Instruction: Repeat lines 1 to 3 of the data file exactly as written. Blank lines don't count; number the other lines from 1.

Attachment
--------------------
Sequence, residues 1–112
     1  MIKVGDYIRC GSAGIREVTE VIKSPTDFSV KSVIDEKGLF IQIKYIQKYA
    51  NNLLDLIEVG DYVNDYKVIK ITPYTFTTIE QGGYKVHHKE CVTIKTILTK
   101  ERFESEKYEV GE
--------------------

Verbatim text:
Sequence, residues 1–112
     1  MIKVGDYIRC GSAGIREVTE VIKSPTDFSV KSVIDEKGLF IQIKYIQKYA
    51  NNLLDLIEVG DYVNDYKVIK ITPYTFTTIE QGGYKVHHKE CVTIKTILTK